Today at FNC

Justine Smith looks at three films playing today at FNC, including a retrospective screening of David Cronenberg’s controversial Crash.

The 48th annual Festival du Nouveau Cinéma runs through Oct. 20. Here are our reviews of films screening (for the first time) today: 

1000 Kings

One of the world premieres at this year’s Festival du nouveau cinéma, Bidzina Kanchaveli’s 1000 Kings lives up to the strange and magical reputation of the Les nouveaux alchimistes section. Abstract and experimental, the film is about 1,000 people suspended in a purgatorial space. All other details are insinuated rather than spelled out. Colourful and bewildering, the film’s narrative remains obscure. Those searching for relatable characters or a story to hold onto may be disappointed, but if you are looking for a singular and unusual vision, 1000 Kings will likely be worthwhile. 

The mileage of what you will get out of the film will likely be on your emotional response. The movie channels unusual psychedelic imagery that is wholly unlike most examples of conscious-broadening imagery we’re used to seeing on the screen. The sound is equally thunderous, and music guides the experience nearly as much as the trippy visuals. Closer to animation than live-action, the film builds on strange rhythms as it seems to reach for primal truths. It feels like an ayahuasca trip about the birth of the universe and our driving survival impulses. The whole experience has the effect of mass hypnosis and is as horrifying as it is revelatory. (Justine Smith)

1000 Kings screens at Cinéma du Parc (3575 Parc) on Thursday, Oct. 10, 9:15 p.m. and again on Friday, Oct. 18, 9:30 p.m.


The premise of Albert Serra’s Liberté is simple: shortly before the French Revolution, a group of decaying libertines retreat to the woods to live out their fantasies. The libertines lived by the moral principle that there should be no moral principles, and theoretically, indulged in any manner of decadent hedonism. As the film opens up, we hear some of their fantasies that cross the line between violence and sex. The horrific desires conjured by their imagination, however, rarely come to fruition — unless, of course, you count piss. The movie features a lot of urinating on, around and (figuratively) inside of people. 

The film has a somewhat glacial pace that is occasionally interrupted by acts of sex and violence. Liberté unfolds under the shroud of night, and the camera often maintains a certain distance from the acts of libertinage it represents. The sound design is incredible, as it contributes to the feeling that the forest exists well beyond a healthy society. The film itself has a beautiful atmosphere that is consistently undercut by the pitiable acts of self-pleasuring and flagellation. Serra’s vision challenges our idea of the period film by focusing on the grotesque and monotonous but is also consistently funny and ironic. It is not a film for everyone but stands out as a film that genuinely pushes boundaries. (JS)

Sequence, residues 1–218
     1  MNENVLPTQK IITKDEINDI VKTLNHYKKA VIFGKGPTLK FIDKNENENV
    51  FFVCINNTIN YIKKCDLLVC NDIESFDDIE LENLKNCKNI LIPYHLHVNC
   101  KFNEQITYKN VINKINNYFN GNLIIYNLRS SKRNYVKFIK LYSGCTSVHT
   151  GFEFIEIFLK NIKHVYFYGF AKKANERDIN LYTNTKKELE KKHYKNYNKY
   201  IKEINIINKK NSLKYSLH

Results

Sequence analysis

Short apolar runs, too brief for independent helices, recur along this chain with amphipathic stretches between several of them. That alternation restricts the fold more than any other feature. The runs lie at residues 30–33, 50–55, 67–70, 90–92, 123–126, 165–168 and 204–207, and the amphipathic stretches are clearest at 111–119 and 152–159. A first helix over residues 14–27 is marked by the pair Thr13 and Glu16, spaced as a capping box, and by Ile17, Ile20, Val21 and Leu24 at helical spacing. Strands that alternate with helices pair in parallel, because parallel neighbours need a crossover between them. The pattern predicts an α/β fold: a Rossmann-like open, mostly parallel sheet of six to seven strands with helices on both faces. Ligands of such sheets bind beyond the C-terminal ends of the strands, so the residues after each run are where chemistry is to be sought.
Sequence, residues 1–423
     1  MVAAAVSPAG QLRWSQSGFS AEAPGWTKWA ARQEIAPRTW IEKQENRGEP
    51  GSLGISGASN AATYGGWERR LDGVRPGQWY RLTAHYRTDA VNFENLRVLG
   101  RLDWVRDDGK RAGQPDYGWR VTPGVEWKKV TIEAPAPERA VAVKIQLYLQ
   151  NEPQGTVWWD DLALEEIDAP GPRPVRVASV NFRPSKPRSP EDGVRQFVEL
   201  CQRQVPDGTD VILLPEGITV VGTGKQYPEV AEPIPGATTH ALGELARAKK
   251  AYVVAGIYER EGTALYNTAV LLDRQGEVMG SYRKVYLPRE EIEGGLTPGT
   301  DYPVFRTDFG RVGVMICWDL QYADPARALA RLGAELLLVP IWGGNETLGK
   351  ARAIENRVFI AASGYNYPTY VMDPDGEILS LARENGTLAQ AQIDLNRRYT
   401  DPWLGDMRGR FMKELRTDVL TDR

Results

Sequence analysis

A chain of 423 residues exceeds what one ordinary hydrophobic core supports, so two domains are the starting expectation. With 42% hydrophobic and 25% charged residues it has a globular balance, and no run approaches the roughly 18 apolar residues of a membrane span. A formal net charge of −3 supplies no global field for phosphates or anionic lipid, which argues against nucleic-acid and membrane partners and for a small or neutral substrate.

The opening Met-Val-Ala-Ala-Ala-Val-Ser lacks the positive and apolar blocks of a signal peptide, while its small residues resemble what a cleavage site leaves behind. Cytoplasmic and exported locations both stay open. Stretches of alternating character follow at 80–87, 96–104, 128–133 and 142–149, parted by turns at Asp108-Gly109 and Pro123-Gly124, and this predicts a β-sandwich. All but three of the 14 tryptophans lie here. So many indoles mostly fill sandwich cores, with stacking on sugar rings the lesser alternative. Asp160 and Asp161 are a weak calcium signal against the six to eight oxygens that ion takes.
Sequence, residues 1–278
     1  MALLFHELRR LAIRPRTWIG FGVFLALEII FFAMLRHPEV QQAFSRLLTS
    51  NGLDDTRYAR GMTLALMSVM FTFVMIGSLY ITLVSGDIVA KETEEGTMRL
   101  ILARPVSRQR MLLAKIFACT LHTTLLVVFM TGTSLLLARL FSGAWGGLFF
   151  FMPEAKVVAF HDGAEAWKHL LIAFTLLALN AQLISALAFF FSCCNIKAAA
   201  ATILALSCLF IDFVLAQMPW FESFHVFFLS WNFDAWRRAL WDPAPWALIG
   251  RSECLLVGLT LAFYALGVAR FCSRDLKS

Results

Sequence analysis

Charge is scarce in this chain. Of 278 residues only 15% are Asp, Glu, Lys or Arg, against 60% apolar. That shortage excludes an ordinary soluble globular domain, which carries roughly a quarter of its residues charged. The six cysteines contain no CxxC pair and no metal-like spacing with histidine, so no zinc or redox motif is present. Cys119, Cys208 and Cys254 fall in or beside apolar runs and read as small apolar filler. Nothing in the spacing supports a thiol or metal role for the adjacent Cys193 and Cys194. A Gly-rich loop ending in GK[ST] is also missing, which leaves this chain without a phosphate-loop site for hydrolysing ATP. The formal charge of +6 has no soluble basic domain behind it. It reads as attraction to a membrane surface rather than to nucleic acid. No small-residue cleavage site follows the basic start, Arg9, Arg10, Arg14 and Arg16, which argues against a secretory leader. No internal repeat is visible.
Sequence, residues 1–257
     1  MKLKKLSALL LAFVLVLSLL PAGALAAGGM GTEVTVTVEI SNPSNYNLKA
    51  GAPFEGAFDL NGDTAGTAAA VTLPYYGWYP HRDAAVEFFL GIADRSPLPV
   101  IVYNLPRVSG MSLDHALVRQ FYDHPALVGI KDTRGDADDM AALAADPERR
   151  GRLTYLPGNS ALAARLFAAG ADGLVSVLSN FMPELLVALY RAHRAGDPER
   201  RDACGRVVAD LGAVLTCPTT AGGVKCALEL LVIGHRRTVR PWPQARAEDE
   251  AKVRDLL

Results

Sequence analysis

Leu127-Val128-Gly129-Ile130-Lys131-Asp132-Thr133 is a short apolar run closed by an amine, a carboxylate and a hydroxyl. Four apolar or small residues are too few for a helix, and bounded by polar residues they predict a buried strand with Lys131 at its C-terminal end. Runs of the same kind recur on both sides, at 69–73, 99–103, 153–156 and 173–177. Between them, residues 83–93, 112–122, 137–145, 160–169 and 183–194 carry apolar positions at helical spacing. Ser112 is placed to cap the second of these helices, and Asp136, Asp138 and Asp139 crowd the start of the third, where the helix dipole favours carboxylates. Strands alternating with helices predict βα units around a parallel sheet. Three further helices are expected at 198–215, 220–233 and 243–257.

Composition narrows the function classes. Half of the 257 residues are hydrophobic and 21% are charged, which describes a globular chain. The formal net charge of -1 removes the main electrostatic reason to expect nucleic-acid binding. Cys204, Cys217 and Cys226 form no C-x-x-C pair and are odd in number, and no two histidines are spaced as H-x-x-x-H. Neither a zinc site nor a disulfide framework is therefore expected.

Liberté screens at Cinéma du Parc (3575 du Parc) on Thursday, Oct. 10, 6:30 p.m. and again on Friday, Oct. 18 at Quartier Latin (335 Émery).


David Cronenberg will be in Montreal to present his ’90s auto-erotic classic Crash, a film about people who are turned on by car crashes. Based on a novel by science-fiction writer J. G. Ballard, the 1996 classic stars James Spader, Elias Koteas, Holly Hunter and Rosanna Arquette. Crash is about the reshaping of the physical form through technology and is perhaps more relevant now than it was back in the mid-’90s. A powerful and often disturbing film about sex, Crash continues to challenge the nature of expression and desire in the shadow of the 21st century. 

Absurd, darkly funny and uncomfortably sexy, as the tension escalates in Crash, the line between life and death become increasingly disrupted. Often, we think of boundary-pushing sex as a thing of animalistic nature, but in reality, the more human it is, the more disturbing it becomes. It’s not when we give in to our animal impulses that we experience the most philosophically human expression of sexual need. Instead, it is when we choose to ignore morality, survival and spiritualism that we achieve the most human sexual experiences. An absolute must-see, in a career devoted to body horror, Crash stands out as one of Croneneberg’s greatest works and one of the best films of the 1990s. (JS)

Crash screens at Quartier Latin (335 Émery) on Thursday, Oct. 10, 7 p.m. and again at Cinéma du Parc on Monday, Oct. 14, 8:15 p.m.

See the complete Festival du Nouveau Cinéma program here.